Know that old chestnut about the fat guy who orders a triple burger, extra large fries, and an extra-large diet pop? Well, new research suggests that it’s true.
A study published in the American Journal of Public Health found that overweight people who drank diet pop ended up eating more than those who didn’t order a diet pop. The researchers arrived at their findings by examining a population-based study conducted between 1999 and 2010 and the US National Health and Nutrition Examination Survey, an annual survey of 5,000 people from across the US. They found that about 20% of US adults drink diet pop. 11% of people with healthy weight drink it, followed by 19% of overweight adults and 22% obese adults. The overweight diet pop drinkers saw a net increase of eighty-eight kilocalories over those not drinking diet pop, and the obese saw a 194 kilocalorie increase.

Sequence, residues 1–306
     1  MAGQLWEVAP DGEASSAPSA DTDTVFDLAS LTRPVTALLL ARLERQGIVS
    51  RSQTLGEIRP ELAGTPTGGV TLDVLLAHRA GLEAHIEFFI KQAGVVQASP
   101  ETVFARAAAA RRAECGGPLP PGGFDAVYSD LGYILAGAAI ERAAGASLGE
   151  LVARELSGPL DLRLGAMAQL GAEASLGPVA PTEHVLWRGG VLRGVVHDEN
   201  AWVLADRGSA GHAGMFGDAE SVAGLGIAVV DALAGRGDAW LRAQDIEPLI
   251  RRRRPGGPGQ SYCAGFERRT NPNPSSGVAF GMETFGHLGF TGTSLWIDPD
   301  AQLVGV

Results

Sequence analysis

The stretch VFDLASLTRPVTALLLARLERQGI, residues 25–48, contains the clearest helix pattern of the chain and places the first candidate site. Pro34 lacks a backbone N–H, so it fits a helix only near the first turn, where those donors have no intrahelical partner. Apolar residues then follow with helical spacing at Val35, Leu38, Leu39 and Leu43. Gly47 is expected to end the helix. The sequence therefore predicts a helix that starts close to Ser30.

Researchers suggest that perhaps the overweight and obese my no longer detect artificial sweeteners as acutely as people with healthy weight. Alternatively, it could be a case of trying to mitigate an unhealthy meal with a silly but “diet” solution.